Thirty-five years later, the times have changed, but the charge around sexual issues, sexual outcasts, and sexual renegades is as real now as it was in 1978. The question is still whether to stir the sexual soup or flush it down the drain, whether to look at sex primarily as a place of wonder or as a place of danger. What has changed is the cultural and legal climate in which sex publishing takes place.
In 1973, when the Supreme Court issued its Miller decision establishing “local community standards” as the test for obscenity, many sex publishers were encouraged. But as past Playboy Advisor Jim Petersen has observed, “when [Screw magazine publisher] Al Goldstein was put on trial for obscenity in Wichita [rather than in New York where Screw was published]. It definitely put a chill in the air. I remember that, after Goldstein’s case, eyebrows were raised when I ran a letter in the Playboy Advisor on fisting—heterosexual, vaginal fisting. I was told quite clearly not to do something like that again.”14
First Amendment lawyer Stanley Fleishman notes that since the Miller decision, obscenity defenses have become more complicated and expensive than they were before. With the application of racketeering laws to pornography cases, the stakes have gotten higher still. (Under anti-racketeering statutes, for example, all assets of any business accused of dealing in obscene materials can be seized, even before anyone has been found guilty of anything.)15
Libido magazine past-editor Jack Hafferkamp points to changing cultural attitudes as a major influence on the more conservative sex publishing climate of the 90s and beyond. “During the 70s,” he notes, “the government was so preoccupied with people giving aid and comfort to the North Vietnamese that they didn’t have the time or resources to worry about sex. Besides, what was funny then because it was so radical looks more frightening now that the Baby Boomers have grown older and are dealing with the issues of establishing and preserving families of their own. It’s one thing to be a sex radical yourself, but do you want your kids to learn about fucking dogs?”16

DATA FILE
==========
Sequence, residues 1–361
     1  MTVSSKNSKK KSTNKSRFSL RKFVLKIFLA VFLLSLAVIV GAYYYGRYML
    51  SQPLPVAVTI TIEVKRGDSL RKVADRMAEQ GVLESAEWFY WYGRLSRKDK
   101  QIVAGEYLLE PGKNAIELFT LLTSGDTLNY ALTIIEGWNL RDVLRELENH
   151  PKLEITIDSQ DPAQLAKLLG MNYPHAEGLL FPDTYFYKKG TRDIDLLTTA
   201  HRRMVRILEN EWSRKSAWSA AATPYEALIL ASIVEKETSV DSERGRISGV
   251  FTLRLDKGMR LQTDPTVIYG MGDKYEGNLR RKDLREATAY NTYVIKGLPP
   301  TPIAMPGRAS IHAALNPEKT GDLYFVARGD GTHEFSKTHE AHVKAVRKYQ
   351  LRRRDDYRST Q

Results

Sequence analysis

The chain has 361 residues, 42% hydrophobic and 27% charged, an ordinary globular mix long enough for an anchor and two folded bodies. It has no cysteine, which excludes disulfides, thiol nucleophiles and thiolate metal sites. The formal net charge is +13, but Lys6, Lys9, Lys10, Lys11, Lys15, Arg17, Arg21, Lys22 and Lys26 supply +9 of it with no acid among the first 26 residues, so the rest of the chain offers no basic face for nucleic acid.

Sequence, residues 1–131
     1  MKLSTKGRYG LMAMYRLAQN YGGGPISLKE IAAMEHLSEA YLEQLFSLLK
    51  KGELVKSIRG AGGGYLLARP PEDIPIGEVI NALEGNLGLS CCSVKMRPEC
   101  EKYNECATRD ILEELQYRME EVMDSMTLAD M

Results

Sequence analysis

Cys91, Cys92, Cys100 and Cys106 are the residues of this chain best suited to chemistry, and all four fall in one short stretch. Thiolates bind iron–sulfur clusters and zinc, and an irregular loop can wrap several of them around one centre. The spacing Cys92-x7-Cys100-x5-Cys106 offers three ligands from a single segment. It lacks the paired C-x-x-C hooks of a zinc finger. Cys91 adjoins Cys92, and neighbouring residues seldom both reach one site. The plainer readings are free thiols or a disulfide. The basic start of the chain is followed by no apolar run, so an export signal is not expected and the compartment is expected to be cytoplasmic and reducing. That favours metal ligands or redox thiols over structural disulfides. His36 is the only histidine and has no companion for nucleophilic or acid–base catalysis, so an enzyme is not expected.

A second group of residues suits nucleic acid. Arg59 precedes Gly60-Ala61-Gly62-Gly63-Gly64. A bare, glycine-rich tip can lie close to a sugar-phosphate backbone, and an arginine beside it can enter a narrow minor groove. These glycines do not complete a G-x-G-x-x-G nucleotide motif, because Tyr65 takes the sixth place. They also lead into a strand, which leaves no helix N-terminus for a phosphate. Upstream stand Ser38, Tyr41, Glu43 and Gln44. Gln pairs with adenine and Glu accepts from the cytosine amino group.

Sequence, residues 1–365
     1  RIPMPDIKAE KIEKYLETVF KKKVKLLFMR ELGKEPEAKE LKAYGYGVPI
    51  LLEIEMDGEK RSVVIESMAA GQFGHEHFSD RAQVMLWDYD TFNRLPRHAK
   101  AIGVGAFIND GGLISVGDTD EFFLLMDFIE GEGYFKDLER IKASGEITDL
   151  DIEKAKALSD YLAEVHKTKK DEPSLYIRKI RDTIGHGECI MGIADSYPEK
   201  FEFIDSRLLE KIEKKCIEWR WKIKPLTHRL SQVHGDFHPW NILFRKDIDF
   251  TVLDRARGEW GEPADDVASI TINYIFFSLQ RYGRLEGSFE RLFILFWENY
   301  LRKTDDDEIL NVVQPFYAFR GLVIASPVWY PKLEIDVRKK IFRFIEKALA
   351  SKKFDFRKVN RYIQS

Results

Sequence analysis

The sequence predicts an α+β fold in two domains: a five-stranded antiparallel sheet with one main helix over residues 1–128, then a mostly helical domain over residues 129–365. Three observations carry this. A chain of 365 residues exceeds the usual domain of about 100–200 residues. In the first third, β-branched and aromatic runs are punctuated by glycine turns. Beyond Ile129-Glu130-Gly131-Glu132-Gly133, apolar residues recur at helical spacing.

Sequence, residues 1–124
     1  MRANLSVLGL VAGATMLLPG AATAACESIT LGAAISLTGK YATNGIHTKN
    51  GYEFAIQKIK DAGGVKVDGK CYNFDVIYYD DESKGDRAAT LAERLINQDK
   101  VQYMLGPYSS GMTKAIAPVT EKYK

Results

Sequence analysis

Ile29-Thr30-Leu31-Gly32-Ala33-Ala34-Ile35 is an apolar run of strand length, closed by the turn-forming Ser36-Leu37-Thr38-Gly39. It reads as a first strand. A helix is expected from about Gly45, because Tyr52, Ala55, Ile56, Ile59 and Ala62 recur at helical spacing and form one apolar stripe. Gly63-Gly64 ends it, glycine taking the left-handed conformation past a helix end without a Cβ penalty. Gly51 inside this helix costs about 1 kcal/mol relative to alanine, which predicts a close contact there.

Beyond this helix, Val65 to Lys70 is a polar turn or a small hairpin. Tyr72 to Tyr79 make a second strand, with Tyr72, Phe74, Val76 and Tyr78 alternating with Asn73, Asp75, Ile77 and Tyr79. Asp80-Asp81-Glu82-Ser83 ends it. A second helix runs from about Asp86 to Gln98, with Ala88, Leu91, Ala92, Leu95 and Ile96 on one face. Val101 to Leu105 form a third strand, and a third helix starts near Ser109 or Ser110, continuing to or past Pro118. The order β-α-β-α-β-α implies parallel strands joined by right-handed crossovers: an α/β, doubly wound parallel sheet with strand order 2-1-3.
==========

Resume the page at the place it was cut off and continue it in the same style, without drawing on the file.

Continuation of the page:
Hafferkamp also notes that in the 70s “revolution was in the air. There was a great rift in society, partly generational, that extended far beyond sex.”17
People were ready to fight and go to jail for what they believed in, whether that was desegregating lunch counters, resisting the draft, protesting the war in Vietnam, or telling the truth about sex. While today’s sex publishers are well aware that they represent a challenge to the antisexual cultural mainstream sexual freedom does not have the feel or dedication of what could be called a truly political movement.
As activists said in the 70s, the personal is political, and sex is very much a political issue, now as in the past. Today, as in 1974, alternative sex journals and websites provide important, unregulated vehicles for people to talk about sex openly, unconventionally, genuinely, and without apology—offering networks of support for people whose sexual choices are not mainstream. “The price of freedom is eternal vigilance,” conservative Senator Barry Goldwater once campaigned. True now as much as ever.
1. Jack Hafferkamp, telephone conversation with author, March 1994.
2. “Enter Here and Hold on to Your Soul,” Finger Magazine, no. 10 (1975), p. 2.
3. “My Brother and I,” Finger Magazine, no. 10 (1975), pp. 55-59.
4. Finger Magazine, no. 10 (1975), pp. 40-41.
5. “Female & Her Dogs,” Finger Magazine, no. 11 (1975), p. 9
6. “Shaving Love Nests,” Finger Magazine, no. 11 (1975), p. 14
7. “Manual for Asshole Fucking,” Finger Magazine, no. 27 (1977?), pp. 34-35.
8. “Waiting for You,” Finger Magazine, no. 10 (1975), p. 12-16.
9. Mickey Leblovic, personal conversation with author, March 1994.
10. “Rumblings: Some Things Need to Be Said,” Finger Magazine, no. 11 (1975), p. 2.
11. Annie Sprinkle, “How to Fuck and Type at the Same Time,” Love Magazine no. 83 (1981): “The Sprinkle Salon: Post Art Art in America”, pp. 4982-4983.
12. Annie Sprinkle, telephone conversation with author, March, 1994.
13. Love Magazine, no. 61 (1979?).
14. James Petersen, telephone conversation with author, March 1994.
15. Lawrence Stanley, telephone conversation with author, March 1994.
16. Jack Hafferkamp, telephone conversation with author, March 1994.
17. Jack Hafferkamp, telephone conversation with author, March 1994.
Originally published in Spectator magazine, April 8, 1994.
This is a corrected copy of my first posting to correct some factual errors.